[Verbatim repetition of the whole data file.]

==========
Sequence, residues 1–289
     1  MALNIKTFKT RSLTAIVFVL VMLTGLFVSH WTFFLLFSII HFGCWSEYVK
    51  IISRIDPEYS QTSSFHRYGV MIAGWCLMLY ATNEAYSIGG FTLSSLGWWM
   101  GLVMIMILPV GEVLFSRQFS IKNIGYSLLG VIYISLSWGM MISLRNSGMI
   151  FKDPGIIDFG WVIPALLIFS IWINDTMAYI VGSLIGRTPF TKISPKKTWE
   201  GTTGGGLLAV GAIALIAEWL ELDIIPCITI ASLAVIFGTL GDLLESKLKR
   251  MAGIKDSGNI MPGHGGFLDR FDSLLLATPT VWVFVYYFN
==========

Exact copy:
Sequence, residues 1–289
     1  MALNIKTFKT RSLTAIVFVL VMLTGLFVSH WTFFLLFSII HFGCWSEYVK
    51  IISRIDPEYS QTSSFHRYGV MIAGWCLMLY ATNEAYSIGG FTLSSLGWWM
   101  GLVMIMILPV GEVLFSRQFS IKNIGYSLLG VIYISLSWGM MISLRNSGMI
   151  FKDPGIIDFG WVIPALLIFS IWINDTMAYI VGSLIGRTPF TKISPKKTWE
   201  GTTGGGLLAV GAIALIAEWL ELDIIPCITI ASLAVIFGTL GDLLESKLKR
   251  MAGIKDSGNI MPGHGGFLDR FDSLLLATPT VWVFVYYFN